This is the GR-900 LB user manual (20 MB, over 80 pages in high res. Scanned by Guy, who also has a GR-900 LB. The user manual for this slotted line is rather rare so I placed it on my site, you can download it from here:
This is a General Radio GR-900-LB. One of the finest engineerd slotted lines in his time. Everything, from the wooden box upto the connectors is made beautiful. Today many people do not know what a slotted line is. Many decades this was “the” instrument you used in RF engineering.
It was used for things like adjusting antennas, component research, 1 port reflection, 2 port insertion loss measurements, calibration, measuring frequency.
The beautifull thing of the slotted line is that it makes RF very visual. It is, to tell it a bit crued, nothing more as a piece of rigged coaxial transmission line. But it would be very hard to measure something in a piece of rigged coax without drilling a hole for your probe ( a lot of holes befor you find the points you want). To solve this they milled a slot in it, so you could poke around with a probe and measure the voltage over the whole lenght. When you connect a generator to the lefthand side and a 50 Ohm load to the right side and probe the slot you would measure the same voltage everywhere along the line. The probe is mounted on a carrier that travels from right to left along a ruler.
But if you connect a load to it with an other impedance as the line (50 Ohm), you get reflections. Often these are called standing waves. When you then probe the line from one side to the other you wil see the voltage go from minimum to maximum values. The minimums are all alike, the maximums too. The distance between every minima on the line is a fixed distance . The same is true for the maxima. If you would measure it along many points and put it in a graph you would see a stationairy wave. All tops alike in magnitude and all minimums too.
The need thing is that the distance between two equal magnitudes is half the wavelenght of the signal. So you realy measure the wavelenght as a distance using a ruler.
The ratio between the maximum magnitude and the minimum is the Voltage Standing Wave ratio. Voltage because that is what you measure, Standing wave because the wave is stationair and ratio, well, because that is what it is. Most time the minimum is used because that is more easy to measure.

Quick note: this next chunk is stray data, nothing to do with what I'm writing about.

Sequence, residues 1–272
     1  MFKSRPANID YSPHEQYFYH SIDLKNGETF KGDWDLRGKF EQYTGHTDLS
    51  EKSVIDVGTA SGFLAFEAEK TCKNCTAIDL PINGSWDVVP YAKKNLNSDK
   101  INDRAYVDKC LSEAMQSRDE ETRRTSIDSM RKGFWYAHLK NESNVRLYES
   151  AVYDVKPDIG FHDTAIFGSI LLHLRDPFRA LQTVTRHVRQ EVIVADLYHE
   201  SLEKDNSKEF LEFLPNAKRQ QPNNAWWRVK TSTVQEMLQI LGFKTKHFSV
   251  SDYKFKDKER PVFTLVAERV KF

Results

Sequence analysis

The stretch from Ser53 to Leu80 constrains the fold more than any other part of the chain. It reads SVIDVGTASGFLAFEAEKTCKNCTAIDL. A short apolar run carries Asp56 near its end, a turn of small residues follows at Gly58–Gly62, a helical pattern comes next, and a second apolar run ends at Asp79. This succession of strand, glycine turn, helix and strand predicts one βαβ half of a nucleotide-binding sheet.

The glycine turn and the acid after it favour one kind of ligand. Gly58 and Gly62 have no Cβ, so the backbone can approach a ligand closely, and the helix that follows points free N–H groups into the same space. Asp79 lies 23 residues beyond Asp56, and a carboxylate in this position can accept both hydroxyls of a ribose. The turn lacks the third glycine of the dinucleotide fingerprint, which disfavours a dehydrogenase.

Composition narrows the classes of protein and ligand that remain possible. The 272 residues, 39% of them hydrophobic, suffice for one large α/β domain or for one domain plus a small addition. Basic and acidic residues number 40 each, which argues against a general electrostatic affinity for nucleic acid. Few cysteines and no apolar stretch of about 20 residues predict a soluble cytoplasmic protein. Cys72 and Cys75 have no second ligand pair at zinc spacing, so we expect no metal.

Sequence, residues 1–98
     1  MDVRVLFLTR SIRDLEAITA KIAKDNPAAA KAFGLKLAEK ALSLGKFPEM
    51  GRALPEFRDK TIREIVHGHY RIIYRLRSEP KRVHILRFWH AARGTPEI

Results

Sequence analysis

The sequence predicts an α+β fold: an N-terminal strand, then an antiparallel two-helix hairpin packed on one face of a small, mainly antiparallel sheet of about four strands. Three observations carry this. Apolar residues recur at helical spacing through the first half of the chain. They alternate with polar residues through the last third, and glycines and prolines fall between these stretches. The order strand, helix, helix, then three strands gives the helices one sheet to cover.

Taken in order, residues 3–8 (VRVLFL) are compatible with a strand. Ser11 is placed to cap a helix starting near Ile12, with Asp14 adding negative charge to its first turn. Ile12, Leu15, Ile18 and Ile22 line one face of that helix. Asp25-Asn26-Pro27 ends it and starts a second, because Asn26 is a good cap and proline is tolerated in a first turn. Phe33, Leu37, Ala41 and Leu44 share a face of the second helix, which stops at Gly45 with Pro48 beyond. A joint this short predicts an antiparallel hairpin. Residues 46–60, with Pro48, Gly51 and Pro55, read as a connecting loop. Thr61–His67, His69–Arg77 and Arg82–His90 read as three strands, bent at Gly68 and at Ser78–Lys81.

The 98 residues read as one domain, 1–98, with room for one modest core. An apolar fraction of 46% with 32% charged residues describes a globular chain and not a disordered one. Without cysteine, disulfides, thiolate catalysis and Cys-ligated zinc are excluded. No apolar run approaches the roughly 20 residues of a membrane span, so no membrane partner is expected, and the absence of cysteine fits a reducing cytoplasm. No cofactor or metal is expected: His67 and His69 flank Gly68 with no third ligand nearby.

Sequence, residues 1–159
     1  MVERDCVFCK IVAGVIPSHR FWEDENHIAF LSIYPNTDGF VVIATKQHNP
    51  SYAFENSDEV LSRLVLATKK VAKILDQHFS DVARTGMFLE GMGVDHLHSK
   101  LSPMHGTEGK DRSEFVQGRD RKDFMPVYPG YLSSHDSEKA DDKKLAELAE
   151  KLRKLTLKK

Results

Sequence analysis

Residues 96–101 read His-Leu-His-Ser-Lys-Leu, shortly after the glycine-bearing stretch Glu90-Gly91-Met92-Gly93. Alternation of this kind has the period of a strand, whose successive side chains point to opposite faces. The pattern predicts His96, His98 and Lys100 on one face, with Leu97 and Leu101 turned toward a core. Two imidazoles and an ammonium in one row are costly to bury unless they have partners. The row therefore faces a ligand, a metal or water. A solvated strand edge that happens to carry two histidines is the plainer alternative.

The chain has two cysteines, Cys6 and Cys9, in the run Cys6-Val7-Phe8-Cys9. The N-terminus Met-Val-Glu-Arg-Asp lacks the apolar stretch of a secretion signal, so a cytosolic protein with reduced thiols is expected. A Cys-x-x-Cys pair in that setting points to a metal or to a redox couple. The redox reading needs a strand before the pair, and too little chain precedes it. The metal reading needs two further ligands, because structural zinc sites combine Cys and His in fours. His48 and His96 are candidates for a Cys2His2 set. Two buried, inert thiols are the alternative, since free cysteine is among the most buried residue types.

But we can do more. We can measure the location of the first minimum using an open or short and then connect the DUT and measure the distance to the first mimimum again. This gives us the phase difference between a matched load and the DUT. The phase of the match we can not measure because the lack of standing waves, but a short and open have a known phase relation towards a perfect match.
The VSWR and phase is the base from where we can calculate things like Z, Y or Vf.
The knob you see at the right side is used to move the carriage that is mounted on the instrument and carries the probe.
For more resolution you can mount this micrometer on the rod. This gives you a resolution of 0.001 mm. Besides the hardware showed above we need a source. The frequency must be between 300 and 8500 MHz. To read the voltage we need a detector. There is a build in detector and a position to mount an other detector or bolometer.
This detector needs an indicator like for instance a SWR meter , I have one from HP, or use the GR detector used for the GR1615 (with 1 uV resolution) or a DNT set (2 unit oscillators, MR mixer and IF amp/detector. The same set that is also used for the GR-1602B admittance meter.
And you need some references. This slotted line can measure increadible low VSWR so it needs a very good reference. For this the GR-900 connector was made. This is, like the GR-874, a sexless connector with a very well defined reference plane. These are small mechanical wonders. The references are Load, short and open. Besides that airline is used.
To connect a DUT with an other connector they made a GR-900 adapter set. High quality adapters with well known parameters. You see them in the picture above. On the left you see two adapters connected. In front you see the calibration kit. Open, short and two loads. There is a 100 Ohm load to make an excact known VSWR as check.
These are the manuals from the adapters. They show specs and graphs.
To repair or take apart the connectors they made a beautiful toolkit.
Left is a torque allan key, most right a torque wrench. The other tools are for taking apart or mounting every part of the connector.